Research in the Journal of Dairy Science® examines the potential benefits of training with an automated milking system phantom to reduce stress for animals and farm employees.
A new study appearing in the Journal of Dairy Science indicates that heifers that participated in a training program using a phantom before introduction to an automated milking system (AMS) visited the actual AMS more frequently, thereby potentially increasing milk yield. Acclimating the herd to an unfamiliar milking robot in advance is a potential solution to decrease stress for animals and farm employees.
“Overall, training on the phantom provided the animals with the necessary amount of experience to perform well with the actual milking robot and to achieve a higher number of voluntary milking visits,” said Almuth Einspanier, PhD, Institute of Physiological Chemistry, Leipzig University, Leipzig, Germany. “Therefore, training on an AMS phantom is a good alternative to a training program directly at the AMS, with some important advantages, and can be an important contribution to improving animal welfare in dairy farming.”
Since their market launch 28 years ago, AMS have been gaining popularity as a way to increase daily milk yield through increased milking frequency and allow cows to decide individually when to be milked. These benefits, however, depend in large part on the animals’ acceptance of the AMS and on them visiting it voluntarily and without human assistance for milking.
The authors of this study, from Leipzig University, Martin Luther University Halle-Wittenberg, Agricultural Society Ruppendorf AG, and MAP Meißener Agrarprodukte AG, randomly assigned 77 Holstein-Friesian heifers to either a control group or phantom group. The phantom group was given free access to the phantom for four weeks before calving so that they could explore it and be positively conditioned by feeding concentrate; the control group had no contact with the phantom or the AMS before the first milking at the AMS. Fecal cortisol concentrations and rumination times of the animals were measured to assess their stress level.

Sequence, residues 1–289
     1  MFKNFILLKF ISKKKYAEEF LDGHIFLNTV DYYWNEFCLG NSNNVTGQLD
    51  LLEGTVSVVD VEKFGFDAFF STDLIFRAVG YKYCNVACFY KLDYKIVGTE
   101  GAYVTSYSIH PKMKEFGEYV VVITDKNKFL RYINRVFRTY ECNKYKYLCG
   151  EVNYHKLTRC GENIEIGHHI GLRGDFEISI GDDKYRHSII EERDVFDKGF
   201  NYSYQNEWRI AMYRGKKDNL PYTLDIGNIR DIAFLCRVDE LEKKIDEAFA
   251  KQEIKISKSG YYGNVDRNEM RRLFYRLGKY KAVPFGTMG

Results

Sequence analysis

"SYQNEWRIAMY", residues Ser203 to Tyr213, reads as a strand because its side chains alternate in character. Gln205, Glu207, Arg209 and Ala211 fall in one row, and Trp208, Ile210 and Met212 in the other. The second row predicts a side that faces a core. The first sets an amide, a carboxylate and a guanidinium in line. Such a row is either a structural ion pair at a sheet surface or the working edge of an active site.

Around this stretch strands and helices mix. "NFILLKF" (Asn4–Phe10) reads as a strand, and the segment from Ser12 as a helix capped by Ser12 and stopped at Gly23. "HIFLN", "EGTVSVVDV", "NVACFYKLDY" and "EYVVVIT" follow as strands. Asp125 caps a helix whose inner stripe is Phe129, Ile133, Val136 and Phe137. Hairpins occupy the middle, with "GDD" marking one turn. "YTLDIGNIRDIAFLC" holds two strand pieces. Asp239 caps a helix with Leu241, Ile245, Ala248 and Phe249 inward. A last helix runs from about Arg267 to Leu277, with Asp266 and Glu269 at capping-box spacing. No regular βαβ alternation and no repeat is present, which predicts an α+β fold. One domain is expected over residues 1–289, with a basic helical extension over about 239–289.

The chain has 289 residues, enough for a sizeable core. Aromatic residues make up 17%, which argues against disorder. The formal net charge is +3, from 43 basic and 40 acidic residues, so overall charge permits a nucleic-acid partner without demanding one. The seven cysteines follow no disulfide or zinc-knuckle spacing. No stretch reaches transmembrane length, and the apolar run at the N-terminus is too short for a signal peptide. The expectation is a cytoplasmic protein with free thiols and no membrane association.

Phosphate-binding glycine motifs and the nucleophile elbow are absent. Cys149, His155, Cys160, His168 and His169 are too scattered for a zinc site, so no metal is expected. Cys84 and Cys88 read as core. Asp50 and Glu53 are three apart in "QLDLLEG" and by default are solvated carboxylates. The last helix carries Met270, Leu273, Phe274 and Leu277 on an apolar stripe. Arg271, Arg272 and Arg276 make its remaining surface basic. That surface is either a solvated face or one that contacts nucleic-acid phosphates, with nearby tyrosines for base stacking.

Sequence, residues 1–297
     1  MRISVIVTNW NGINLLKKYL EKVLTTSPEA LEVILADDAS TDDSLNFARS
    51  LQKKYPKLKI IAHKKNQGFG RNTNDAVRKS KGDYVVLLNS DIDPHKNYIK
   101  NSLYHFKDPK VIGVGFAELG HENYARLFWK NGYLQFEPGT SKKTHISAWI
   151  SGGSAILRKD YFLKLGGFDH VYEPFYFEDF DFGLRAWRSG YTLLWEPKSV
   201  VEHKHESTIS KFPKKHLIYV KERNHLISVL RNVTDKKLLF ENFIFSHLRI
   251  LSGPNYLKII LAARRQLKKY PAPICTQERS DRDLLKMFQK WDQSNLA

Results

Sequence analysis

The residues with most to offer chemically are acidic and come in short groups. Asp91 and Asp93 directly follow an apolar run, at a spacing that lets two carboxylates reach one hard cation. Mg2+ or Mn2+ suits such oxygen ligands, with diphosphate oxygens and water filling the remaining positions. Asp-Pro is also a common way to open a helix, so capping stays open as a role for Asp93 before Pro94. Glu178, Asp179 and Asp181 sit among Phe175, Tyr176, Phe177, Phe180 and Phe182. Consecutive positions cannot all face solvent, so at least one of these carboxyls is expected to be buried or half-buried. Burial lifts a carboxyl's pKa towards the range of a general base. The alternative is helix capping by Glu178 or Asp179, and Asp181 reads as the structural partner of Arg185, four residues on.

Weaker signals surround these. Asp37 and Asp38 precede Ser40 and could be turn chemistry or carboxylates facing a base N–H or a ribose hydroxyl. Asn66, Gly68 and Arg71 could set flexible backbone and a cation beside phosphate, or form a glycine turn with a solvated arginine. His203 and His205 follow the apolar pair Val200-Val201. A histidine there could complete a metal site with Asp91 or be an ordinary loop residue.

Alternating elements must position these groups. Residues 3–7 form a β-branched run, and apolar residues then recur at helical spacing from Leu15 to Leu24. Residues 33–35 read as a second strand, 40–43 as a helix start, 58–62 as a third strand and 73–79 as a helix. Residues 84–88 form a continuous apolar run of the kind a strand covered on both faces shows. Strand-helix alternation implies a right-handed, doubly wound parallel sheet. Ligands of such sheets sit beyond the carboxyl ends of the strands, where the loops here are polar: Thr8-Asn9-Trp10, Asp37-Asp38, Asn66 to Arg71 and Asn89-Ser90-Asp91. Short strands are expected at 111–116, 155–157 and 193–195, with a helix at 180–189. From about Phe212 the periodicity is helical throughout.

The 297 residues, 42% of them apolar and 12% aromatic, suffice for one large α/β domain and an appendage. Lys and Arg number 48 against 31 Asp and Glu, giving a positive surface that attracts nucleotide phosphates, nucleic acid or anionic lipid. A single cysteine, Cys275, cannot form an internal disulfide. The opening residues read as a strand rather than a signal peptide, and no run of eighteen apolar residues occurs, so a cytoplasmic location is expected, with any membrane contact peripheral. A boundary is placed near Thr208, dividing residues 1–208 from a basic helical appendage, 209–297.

The heifers trained on the phantom showed a significantly higher number of milking visits, leading to the conclusion that they were familiar with the AMS and therefore entered the milking robot more often. In addition, the proportion of trained heifers that had to be driven into the AMS was significantly lower than in the control group, indicating that they accepted the AMS readily and were in a better position to implement regular and voluntary milking visits.
Although the study had hypothesized that animals that had previously been trained on a phantom would undergo less stress on an actual milking robot, the fecal cortisol concentrations did not significantly increase when they were introduced into the AMS, and there was no significant difference between the two experimental groups. In addition, the results of the study suggest that training on a phantom had no significant effect on rumination time or lactation performance.
This study further illustrated training on a phantom offers the possibility of facilitating the start into early lactation for the heifers.
Professor Einspanier added, “The increased number of milking visits and the reduced proportion of animals that had to be fetched into the AMS for milking indicate that training on the phantom prepares the animals well for being milked in the AMS.”